In the world of knitwear designers the niche of folks who create the patterns sold to home knitters Diane Soucy is a rock star.
Fans seek her out at national knitting events, her distributor shipped 100,000 copies of patterns to about 1,000 retail locations last year, and her Knitting Pure & Simple is seeing solid growth in online downloads of knitting patterns.
While the Truckee knitwear designer is the biggest name among designers in the region, the Reno-Tahoe area is home to a surprising number of people who are making a living, or a least part of a living, by creating patterns for other knitters to follow.
And the growth of Jimmy Beans Wool, a Reno company that's a dominant force in the online distribution of yarn, needles, patterns and kits for knitters, appears to be spurring growth of more small knitwear design firms in the region.
In some instances, the link between Jimmy Beans and the design profession is very direct.
A book published a few weeks ago by Jimmy Beans co-founder Laura Zander, "Knit Red," features several designs by Reno-Tahoe designers. The designs, all in red, are accompanied by heart-health information.
One of the designers featured in the book, Kristen Ashbaugh, a 31-year-old who has been knitting since she was 8, produces one knitwear design a month as the house designer for Jimmy Beans. The pattern is distributed in the company's free newsletter. In her spare time, Ashbaugh also creates designs for publication in knitting magazines.
Ashbaugh wants to use the experience with Jimmy Beans as a platform to build her reputation among knitters, who often develop a strong loyalty to an individual designer.
"For me, this is a great opportunity to get my work out there," she says. "This is what I want to do when I grow up."
Jeanne Giles, whose Battle Born Knits in Reno specializes in patterns for accessories such as shawls, scarves and hats, is finding a niche within the already tight niche of knitwear designers.
"I'm an obsessive sock knitter," Giles laughs.
She sells patterns for loungers made of worsted-weight yarn and complicated-looking bubble socks and socks whose surface looks like the scales of a fish.
Many of her patterns reflect her training and early interest as a watercolorist, an artistic path she followed before she became a serious knitter eight years ago.
So far, Battle Born Knits patterns are little more than a nice part-time income for Giles, but she works hard to build the relationships that will create a loyal following.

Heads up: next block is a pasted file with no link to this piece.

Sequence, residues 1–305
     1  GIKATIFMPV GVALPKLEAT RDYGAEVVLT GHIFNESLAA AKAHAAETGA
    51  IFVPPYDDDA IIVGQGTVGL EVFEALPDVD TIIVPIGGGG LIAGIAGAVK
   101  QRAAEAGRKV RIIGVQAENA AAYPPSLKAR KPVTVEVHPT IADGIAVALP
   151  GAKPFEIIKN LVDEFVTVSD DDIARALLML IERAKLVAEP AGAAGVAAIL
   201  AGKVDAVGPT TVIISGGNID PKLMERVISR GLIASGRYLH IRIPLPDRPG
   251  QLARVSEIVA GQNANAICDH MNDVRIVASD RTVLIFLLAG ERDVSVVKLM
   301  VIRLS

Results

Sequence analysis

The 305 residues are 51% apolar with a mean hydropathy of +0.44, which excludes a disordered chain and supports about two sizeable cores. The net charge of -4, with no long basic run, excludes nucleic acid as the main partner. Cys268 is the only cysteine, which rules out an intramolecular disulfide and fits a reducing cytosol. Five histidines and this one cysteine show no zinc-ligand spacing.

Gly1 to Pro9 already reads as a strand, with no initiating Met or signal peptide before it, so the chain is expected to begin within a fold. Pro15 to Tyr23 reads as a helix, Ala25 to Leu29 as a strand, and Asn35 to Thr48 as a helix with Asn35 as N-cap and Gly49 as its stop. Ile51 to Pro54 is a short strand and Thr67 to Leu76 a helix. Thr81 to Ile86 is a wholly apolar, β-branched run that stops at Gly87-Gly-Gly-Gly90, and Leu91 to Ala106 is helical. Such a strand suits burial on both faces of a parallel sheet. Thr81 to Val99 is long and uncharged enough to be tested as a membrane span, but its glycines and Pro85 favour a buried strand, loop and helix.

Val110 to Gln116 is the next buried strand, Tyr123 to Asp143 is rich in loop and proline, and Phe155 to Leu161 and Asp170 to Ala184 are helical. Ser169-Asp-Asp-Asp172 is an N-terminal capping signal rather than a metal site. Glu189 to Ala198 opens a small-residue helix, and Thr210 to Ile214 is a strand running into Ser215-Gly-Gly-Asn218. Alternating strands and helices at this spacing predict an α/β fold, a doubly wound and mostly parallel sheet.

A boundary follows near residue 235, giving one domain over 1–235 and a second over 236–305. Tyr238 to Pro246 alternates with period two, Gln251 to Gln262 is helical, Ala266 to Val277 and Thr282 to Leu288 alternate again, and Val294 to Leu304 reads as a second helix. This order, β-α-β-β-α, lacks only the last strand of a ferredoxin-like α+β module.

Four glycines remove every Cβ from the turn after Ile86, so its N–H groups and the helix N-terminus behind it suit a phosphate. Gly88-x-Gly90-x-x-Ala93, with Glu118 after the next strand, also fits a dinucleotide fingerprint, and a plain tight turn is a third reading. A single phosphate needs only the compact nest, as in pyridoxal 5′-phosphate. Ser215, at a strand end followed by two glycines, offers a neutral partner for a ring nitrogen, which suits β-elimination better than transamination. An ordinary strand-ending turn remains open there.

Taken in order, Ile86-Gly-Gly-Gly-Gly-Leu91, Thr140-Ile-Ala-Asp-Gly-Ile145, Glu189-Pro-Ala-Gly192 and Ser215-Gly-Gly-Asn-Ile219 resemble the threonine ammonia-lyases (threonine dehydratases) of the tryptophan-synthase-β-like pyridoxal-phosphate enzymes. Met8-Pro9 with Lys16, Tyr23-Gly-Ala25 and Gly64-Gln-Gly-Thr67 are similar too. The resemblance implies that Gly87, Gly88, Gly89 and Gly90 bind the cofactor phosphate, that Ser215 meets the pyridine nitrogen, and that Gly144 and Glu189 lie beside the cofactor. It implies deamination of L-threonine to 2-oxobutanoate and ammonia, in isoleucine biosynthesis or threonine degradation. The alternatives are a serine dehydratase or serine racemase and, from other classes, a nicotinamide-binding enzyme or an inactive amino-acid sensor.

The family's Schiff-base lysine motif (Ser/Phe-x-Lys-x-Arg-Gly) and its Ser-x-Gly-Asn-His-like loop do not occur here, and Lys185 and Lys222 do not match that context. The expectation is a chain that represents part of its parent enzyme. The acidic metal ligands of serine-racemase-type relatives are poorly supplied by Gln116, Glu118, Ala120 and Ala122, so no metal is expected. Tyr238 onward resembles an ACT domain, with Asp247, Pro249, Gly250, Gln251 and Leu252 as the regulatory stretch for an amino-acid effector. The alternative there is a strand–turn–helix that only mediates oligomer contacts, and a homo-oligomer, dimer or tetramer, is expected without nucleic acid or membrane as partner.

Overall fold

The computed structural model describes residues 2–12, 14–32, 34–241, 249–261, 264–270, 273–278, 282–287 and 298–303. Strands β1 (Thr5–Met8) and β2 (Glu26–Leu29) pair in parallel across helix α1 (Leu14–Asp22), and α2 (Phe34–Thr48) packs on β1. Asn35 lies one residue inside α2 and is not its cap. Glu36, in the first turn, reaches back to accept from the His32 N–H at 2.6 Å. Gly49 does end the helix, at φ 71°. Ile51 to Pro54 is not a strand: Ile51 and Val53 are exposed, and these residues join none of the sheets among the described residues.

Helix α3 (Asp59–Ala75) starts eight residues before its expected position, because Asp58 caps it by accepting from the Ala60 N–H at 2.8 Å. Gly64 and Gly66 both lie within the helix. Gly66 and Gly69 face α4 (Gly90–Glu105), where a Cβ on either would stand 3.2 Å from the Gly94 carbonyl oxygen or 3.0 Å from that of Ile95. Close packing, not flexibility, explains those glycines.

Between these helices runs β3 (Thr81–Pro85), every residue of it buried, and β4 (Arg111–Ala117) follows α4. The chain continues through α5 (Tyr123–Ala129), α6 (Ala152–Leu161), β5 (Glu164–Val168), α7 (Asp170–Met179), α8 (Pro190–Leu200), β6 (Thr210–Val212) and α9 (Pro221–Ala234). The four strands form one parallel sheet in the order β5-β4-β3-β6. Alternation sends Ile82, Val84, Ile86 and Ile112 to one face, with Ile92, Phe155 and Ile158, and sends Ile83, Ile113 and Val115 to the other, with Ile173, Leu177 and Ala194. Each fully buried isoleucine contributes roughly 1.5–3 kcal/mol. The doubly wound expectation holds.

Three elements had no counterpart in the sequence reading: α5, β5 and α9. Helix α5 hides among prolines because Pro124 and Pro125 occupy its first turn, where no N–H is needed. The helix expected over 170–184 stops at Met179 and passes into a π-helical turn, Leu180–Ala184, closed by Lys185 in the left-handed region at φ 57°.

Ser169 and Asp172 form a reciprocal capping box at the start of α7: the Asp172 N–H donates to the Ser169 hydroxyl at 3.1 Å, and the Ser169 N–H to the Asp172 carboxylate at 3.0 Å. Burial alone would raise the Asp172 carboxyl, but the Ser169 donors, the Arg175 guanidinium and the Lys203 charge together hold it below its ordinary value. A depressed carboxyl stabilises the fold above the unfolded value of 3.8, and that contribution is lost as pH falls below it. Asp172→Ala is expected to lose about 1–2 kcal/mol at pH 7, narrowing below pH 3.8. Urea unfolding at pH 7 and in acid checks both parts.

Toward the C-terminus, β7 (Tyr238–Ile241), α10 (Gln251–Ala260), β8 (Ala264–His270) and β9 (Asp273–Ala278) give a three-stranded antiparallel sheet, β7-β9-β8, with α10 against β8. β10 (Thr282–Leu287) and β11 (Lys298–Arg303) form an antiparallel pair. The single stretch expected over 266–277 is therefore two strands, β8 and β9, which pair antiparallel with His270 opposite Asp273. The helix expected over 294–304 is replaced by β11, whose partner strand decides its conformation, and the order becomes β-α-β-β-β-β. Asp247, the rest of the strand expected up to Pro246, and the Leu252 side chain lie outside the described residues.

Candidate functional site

She personally answers all the e-mails that come to her company's site from knitters. She helps them work through their problems, sometimes setting a phone call to do some coaching.
"If I kept track of my hours, I probably wouldn't do it," she says. "It's more about education than making money."
Soucy's career serves as an inspiration.
She was working in a variety store in Truckee that sold yarn when she began developing simple patterns for knitters.
Soucy began self-publishing the designs in the late 1990s and was scratching out a living between her own sales and whatever deals she could strike with knitting magazines.
A distribution deal with Bryson Distributing, an Oregon company that caters to independent retail yarn shops, provided a major break for Soucy.
Today, the pattern cards sell for $5.50 at retailers across the United States and Canada. Downloads from knittingpureandsimple.com are $7, and Soucy maintains the price difference in an effort to encourage knitters to visit retailers.
She's found success with her trademark technique: Garments that are knitted as a single piece. Unlike other patterns that call for knitters to sew individual pieces together, Soucy's creations are knitted from the top down as a whole.
The first pattern to use that pattern, a sweatshirt-styled sweater, still is selling. A pattern for a poncho for little girls once was selling 1,000 copies a week through Soucy's distributor.
Creating 10 or 12 patterns a year for well over a decade, Soucy's catalog today contains patterns for dozens of garments, accessories and specialized items such as Christmas decor. (Members of Soucy's family, including grandchildren, serve as models for many of the photographs that accompany the patterns.)
Her work isn't fashion forward. Instead, she looks at the clothing that people are wearing at the mall or on television and fits her work snugly into prevailing fashion.
"I really like Diane Soucy's patterns," says one of more than 600 knitters who praise her work on Ravelry.com, a site for knitting hobbyists. "They're really easy to follow and they're accurate!"
The process of creating an accurate pattern for knitters to follow is the same for a successful veteran or a knitter making her first stab at the process.
Ashbaugh, for instance, knits a garment doing it, then re-doing it to get it right. Along the way, she is taking notes that will translate into instructions.
"That's the easy part," she says.
More challenging? All the math.
Ashbaugh explains that the number of knitted stitches needed to create a garment depends on the type of yarn, the gauge of the needles and the weave of the final product. Is it loosely woven? Tight?
Then there's the matter of changing the proportions of a garment to meet the demands of different sizes.
"Everything has to change as you go along," she says. "It's a lot of math."
Once the design, pattern and instructions are complete, designers send the work out to a test-knitter, sometimes several of them, to work up the product in real life. The test-knitters note any problems in the instructions or the final product.
Even a veteran knitter and designer such as Soucy isn't perfect all the time.
"I have lots of discarded sweaters in the house," she says.